The American Journal of Poetry
"Strong Rx Medicine"®

 

Judith Skillman

My Grandmother's Waltz

 

One breast gone, soft arms doughy, arms extended,
no longer a woman, rather a specter,
she danced in torn slippers, her hair short-cropped.


One two three, one two three. And we, die kinder,
were of one mind in our jury as children:
we had, in our infinite power


made her into a kind of a contraption—
a Babushka spinning in its own squat body.
Always the counting beneath whistles of trains


running westward from the town of no money.
Always the wheeze of a breathy laughter
following its own spittle around the rheumy


house, which was half of a house. In the foyer
she blessed us with three quick spits on our heads.
Large flowers splattered a shift held together


with safety pins. Wooden floors she twirled
were scarred with nails. How could she be happy?
We made her smile, late afternoons, doilies seeded,


yellowed with age. The sun crept away,
the last train left as Bartok began again,
piano baring monstrous teeth.
One two three,


one two three, one arm wound around my brother,
the other held out to me, she danced
to her own songs—accompanied gutturals.


So what if Poland wept for her blued
eyes, the cataract of mountains rearranging
what was once home before the flatlands.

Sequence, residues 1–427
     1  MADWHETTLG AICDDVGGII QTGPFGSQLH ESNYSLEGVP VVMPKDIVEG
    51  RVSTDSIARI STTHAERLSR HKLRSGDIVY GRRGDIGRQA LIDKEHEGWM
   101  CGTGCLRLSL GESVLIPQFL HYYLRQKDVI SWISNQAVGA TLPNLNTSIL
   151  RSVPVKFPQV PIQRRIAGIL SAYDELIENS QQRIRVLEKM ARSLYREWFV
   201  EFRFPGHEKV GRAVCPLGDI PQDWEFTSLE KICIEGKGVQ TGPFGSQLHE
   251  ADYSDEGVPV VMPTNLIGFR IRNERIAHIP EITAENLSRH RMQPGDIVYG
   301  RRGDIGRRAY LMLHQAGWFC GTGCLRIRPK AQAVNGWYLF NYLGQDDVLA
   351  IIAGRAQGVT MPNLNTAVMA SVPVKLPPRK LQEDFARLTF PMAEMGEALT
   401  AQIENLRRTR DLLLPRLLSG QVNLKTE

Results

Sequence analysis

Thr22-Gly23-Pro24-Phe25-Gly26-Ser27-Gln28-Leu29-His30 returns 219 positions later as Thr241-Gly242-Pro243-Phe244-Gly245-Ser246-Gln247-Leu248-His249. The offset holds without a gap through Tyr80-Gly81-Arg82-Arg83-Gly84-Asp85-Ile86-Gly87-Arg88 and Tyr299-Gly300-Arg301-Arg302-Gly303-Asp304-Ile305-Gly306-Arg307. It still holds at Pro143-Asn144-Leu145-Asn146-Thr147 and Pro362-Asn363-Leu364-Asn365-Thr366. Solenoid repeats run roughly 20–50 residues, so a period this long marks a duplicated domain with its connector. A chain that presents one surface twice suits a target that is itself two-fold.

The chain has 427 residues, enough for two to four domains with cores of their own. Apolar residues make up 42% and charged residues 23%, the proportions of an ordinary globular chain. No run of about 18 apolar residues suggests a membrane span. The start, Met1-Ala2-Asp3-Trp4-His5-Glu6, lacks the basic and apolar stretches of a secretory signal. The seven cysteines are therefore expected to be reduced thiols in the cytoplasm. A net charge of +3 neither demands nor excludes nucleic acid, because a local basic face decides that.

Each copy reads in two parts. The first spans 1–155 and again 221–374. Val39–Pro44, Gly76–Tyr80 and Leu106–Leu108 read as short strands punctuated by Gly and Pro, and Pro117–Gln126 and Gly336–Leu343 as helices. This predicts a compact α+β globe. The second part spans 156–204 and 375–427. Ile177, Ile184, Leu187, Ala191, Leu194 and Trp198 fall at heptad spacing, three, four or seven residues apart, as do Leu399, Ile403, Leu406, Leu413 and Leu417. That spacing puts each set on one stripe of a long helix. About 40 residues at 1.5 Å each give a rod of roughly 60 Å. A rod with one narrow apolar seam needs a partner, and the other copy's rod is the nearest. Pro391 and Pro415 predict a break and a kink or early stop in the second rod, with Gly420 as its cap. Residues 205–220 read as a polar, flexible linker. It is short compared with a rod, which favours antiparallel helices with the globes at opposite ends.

Had we concocted this underling?
What could we do to send her back upstairs

to the room of garments, mothballed, hanging.


There, a hundred netted hats waited for her.
Like persons with no faces their tongues swished

five languages inside-out together


as she read Agatha Christies in Polish,
pausing only to extract a piece of green

from the thin mouth unlipsticked, sheepish


almost in its shy smile as another roast burned
in the oven, and we went free to giggle

and climb in her orchard. There, apples, stunted


by fear of heights, would give a little
sour from their crabs, thrill the sky with danger,

make unleavened earth eat its own gristle.

 

 

Judith Skillman

Garden of Fingers

 

The pinky protrudes from snow,
little nail raised like a question mark.
The first—index of music,
keeper of the mouse hole—
slips from dirt.
Triple-jointed, clean-clipped,
ready to anchor that crab
sidling up to the fingerboard.
How renounce the middle one?
Symbol for f, f’ing, m’f, f’er,
an etcetera of notes gone flat
or sharp from lack of practice.

The fourth could still make a d, or g
if only there were frets.
I kneel before the thumb
buried in its keel of land.
This one holds
the urge to encircle and kill.

 

 

 

JUDITH SKILLMAN's most recent book is Kafka’s Shadow, Deerbrook Editions. Her poems have appeared in FIELD, Cimarron Review, Shenandoah, Tar River Poetry, and in anthologies, including Nasty Women Poets, Lost Horse Press. She has been a writer in residence at the Centrum Foundation and The Hedgebrook Foundation.  Her collaborative translations of Macedonian poet Jovica Eternijan appear in Ezra and Hawai’i Review. She is the recipient of a 2017 Washington Trust GAP grant. Visit www.judithskillman.com

 

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